Cass County welcomes new 4-H program coordinator

Published 10:26 am Friday, January 21, 2022

CASSOPOLIS — Though her new office in the Cass County Administration Building in downtown Cassopolis is still not unpacked, Dowagiac resident Rennie Witham said she feels right at home.

Witham took over as Cass County’s new 4-H program coordinator this week. In her position, Witham will work with volunteers to create youth programming and promote 4-H activities in the

“I’m excited for everything,” Witham said. “I am super excited to work with the youth and with the volunteers. … Things are going really well so far.”

Witham, 42, has been a teacher for several years, teaching both third- and sixth-grade students. However, she said she wanted to take the 4-H coordinator position to “get back to her roots.”

“It was 4-H that led me into the education field, so I wanted be closer to home and give back to the thing that made me who I am,” she said.

Witham grew up in the 4-H program, showing primarily draft horses and dairy cows, and a variety of still exhibits. She started at the age of 5, in what was then called the Pee Wee division, showing goats. She continued with the program until she graduated out, then became a key leader, created her own 4-H club, served on the Leaders Council as president, and became a superintendent for draft horse and showmanship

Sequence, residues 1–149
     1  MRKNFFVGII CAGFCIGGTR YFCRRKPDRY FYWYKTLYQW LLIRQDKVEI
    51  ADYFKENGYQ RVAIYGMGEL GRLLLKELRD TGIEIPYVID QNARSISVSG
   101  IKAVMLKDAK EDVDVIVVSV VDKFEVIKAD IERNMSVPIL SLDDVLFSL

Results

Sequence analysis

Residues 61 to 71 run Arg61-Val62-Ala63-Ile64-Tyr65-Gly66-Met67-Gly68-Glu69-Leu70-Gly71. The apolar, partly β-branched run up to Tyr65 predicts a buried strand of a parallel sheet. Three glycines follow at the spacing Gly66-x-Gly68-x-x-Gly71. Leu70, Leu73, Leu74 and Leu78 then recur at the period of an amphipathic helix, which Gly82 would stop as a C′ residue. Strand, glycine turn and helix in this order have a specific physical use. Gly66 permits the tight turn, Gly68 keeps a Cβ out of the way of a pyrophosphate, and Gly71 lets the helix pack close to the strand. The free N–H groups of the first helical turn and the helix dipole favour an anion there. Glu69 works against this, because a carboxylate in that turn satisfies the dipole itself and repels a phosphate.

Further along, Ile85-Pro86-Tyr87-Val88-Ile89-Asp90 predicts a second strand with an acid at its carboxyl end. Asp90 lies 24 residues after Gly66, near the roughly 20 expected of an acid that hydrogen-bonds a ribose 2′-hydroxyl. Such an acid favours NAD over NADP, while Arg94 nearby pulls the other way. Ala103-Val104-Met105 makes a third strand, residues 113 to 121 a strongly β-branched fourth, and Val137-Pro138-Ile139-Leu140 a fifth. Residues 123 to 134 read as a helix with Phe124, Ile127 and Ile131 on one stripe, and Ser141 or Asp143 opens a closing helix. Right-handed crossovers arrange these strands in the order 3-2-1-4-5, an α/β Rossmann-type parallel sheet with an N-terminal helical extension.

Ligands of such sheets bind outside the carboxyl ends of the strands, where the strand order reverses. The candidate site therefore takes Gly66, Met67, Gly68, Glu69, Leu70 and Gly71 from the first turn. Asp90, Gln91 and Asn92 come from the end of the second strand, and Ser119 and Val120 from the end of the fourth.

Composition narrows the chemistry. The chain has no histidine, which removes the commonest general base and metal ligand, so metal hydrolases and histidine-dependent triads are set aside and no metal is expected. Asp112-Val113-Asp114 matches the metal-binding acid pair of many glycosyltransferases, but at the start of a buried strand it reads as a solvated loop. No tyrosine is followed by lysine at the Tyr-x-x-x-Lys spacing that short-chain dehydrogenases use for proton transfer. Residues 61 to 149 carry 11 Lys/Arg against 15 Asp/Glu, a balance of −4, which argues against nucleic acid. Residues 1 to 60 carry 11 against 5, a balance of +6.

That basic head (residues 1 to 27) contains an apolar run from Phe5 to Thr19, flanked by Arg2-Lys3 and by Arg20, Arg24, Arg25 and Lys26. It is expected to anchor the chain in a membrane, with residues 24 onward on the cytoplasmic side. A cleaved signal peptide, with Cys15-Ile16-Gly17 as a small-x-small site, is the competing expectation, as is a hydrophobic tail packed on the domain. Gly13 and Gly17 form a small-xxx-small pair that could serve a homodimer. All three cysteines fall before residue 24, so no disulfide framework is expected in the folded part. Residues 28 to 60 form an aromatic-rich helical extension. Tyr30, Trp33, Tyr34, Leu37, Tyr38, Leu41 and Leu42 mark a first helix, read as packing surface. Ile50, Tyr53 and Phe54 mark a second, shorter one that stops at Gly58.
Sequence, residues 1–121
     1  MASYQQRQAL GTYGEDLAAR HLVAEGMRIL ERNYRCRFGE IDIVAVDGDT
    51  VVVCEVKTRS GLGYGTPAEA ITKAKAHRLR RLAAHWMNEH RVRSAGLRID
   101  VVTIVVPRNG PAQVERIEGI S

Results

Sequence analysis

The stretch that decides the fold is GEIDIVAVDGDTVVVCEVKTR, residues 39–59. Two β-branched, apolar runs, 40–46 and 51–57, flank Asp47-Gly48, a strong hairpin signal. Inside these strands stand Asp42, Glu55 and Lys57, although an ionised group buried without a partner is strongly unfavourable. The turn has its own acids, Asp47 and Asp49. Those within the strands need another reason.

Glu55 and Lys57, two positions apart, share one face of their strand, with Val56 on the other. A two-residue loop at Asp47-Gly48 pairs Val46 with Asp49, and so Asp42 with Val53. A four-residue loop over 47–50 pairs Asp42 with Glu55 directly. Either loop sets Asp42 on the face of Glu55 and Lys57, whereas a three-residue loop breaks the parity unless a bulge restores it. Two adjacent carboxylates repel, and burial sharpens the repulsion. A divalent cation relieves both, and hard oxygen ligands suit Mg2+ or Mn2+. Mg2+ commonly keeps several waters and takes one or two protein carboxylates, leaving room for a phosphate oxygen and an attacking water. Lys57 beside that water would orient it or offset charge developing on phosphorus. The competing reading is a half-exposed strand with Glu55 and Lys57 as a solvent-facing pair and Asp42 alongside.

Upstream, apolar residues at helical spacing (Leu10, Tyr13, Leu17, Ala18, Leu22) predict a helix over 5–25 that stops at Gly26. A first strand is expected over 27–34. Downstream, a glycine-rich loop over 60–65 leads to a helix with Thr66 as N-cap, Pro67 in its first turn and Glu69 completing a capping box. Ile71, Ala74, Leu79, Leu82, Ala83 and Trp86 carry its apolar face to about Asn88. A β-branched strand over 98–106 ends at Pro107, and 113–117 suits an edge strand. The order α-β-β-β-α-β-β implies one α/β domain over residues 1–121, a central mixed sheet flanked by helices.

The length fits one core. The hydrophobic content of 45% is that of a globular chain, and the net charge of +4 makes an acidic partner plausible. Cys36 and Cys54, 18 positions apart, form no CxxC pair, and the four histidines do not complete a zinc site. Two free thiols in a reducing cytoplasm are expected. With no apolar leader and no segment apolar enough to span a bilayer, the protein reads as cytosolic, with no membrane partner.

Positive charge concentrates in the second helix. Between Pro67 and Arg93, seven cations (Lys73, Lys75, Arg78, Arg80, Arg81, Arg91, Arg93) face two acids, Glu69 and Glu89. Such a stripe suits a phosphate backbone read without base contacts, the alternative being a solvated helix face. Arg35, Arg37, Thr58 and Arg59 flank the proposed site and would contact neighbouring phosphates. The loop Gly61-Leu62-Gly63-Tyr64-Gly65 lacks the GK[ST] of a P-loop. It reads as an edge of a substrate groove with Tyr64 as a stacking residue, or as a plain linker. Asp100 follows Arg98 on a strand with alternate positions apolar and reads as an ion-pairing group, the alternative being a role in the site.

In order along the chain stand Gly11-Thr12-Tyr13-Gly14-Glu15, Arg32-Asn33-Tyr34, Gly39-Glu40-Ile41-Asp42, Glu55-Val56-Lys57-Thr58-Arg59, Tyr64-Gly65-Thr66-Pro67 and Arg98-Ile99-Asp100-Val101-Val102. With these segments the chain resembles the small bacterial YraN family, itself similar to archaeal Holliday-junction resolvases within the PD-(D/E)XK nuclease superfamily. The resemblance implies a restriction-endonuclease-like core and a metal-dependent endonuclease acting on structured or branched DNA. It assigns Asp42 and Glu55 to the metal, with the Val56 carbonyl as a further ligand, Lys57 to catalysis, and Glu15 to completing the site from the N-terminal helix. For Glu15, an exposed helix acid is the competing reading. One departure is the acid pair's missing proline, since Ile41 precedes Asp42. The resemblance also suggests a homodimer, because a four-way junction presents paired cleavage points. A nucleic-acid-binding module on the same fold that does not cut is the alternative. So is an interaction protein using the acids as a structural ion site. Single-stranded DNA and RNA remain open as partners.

After having spent so many years with the program, Witham said she believes 4-H provides a valuable experience for children.

“A lot of times, people think 4-H is just for the fair, but it is so much more than that,” she said. “It’s a whole process that the kids will go through. In that process, they are going to learn all the skills they need, not only for that project but for life in general. To be able to instill that needed drive into the youth so they can make the world a better place is something that is going to benefit the youth of today.”

As she looks to the future in her new position, Witham has high hopes for what she will be able to achieve. To achieve those goals, she said she plans to be present in the schools and the community to show area youth what 4-H has to offer.

“I’m hoping to bring in a more diverse group of youth and volunteers, as well as increasing our numbers,” she said. “Once you get going in 4-H, there is so much it can offer [youth], experiences they might not have had otherwise.”

As she begins work toward achieving her goals, Witham said she is excited to be working for the organization that helped shape her growing up.

“This is like home for me,” she said. “I know a lot people, so it’s going to be really fun to get back in there.”